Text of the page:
• An Official Transcript from the ABA-approved law school(s) containing the course titles, semester/credit hour values, and grades as well as a copy of the law school’s course description for each such course,
    • An original, current Certificate of Good Standing no more than sixty (60) days old, from the highest state court of each U.S. jurisdiction of which you are a member (if applicable).
    • An Attestation Page, and
    • Authorization and Release Forms (three original copies, all signed and notarized, with the notary’s signature date being within five days of the dates on which you submit your application).
    • Note: *Because some students may have taken classes under the old Rule in an effort to fulfill the 26-semester-hour requirement, the Committee has adopted the following policy: If a course at an ABA-approved school began before March 1, 2016, and the course was substantially concentrated on a subject identified in the list set out in the former Rule 46(b)(8)(iii), the semester hours earned in that course qualify towards the 26-semester-hour requirement for the purposes of the current Rule.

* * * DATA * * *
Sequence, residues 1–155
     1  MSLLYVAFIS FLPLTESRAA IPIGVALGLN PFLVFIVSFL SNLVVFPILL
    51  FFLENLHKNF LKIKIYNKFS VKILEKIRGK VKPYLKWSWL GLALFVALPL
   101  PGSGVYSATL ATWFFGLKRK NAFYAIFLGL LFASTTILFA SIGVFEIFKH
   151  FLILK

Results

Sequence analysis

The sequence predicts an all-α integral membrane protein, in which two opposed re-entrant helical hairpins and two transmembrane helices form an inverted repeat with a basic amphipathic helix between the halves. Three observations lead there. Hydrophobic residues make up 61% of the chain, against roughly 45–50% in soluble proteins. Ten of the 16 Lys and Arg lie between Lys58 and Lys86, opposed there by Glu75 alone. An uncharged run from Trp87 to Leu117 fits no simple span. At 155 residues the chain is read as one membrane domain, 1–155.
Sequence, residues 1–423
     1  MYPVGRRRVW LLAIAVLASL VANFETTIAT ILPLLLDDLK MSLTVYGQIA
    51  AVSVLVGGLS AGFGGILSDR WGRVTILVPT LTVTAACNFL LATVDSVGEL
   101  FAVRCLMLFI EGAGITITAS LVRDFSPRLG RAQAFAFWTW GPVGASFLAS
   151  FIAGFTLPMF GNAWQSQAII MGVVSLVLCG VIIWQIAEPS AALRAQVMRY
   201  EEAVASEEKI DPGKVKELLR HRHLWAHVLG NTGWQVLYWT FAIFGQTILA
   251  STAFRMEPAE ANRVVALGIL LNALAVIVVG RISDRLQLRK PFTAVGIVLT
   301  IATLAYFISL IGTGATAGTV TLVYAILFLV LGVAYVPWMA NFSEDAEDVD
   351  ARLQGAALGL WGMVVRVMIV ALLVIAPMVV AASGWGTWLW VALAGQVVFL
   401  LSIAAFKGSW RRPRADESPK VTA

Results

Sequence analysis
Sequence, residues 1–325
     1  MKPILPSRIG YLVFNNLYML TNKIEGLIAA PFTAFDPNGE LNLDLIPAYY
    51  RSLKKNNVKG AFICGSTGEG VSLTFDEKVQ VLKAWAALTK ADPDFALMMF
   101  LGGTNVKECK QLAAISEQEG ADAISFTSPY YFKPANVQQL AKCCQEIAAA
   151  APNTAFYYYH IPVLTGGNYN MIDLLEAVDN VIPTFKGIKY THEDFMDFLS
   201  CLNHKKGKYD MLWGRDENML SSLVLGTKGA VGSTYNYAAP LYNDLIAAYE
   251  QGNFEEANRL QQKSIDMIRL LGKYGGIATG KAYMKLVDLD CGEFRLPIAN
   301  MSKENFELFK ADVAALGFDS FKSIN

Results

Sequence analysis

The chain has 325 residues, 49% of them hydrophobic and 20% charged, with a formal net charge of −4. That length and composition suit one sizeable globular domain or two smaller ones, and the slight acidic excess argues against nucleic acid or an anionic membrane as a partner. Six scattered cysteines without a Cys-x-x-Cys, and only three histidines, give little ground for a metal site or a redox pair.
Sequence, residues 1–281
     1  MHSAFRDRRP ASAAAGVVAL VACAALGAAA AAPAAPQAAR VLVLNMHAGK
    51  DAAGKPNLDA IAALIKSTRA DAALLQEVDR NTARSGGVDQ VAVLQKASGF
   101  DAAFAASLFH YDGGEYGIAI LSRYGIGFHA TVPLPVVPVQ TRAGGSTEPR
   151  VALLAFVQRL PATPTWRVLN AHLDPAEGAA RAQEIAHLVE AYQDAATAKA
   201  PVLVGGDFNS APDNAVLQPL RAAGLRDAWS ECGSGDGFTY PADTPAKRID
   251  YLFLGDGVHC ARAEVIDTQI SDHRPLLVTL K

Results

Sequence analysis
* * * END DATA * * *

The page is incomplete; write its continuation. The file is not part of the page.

1. Once accepted, you will receive an examination number and admission card and list of instructions.
Examination Filing Deadline Late Filing Deadline
February December 15 December 30 (additional fee applies)
July May 3 May 18 (additional fee applies)

* Multistate Professional Responsibility Examination (MPRE):

The MPRE is administered three times each year, in March, August and November. Applications and information regarding the MPRE is available from NCBE at http://www.ncbex.org/about-ncbe-exams/mpre/.

Admission on Motion

It is possible to be admitted in D.C. without examination:

  1. If you have been a member in good standing of a Bar of a court of general jurisdiction in any U.S. state or territory for at least five years, or
  2. If:
    • You hold a J.D. or LL.B. degree from a law school which, at the time of awarding of the degree, was approved by the American Bar Association,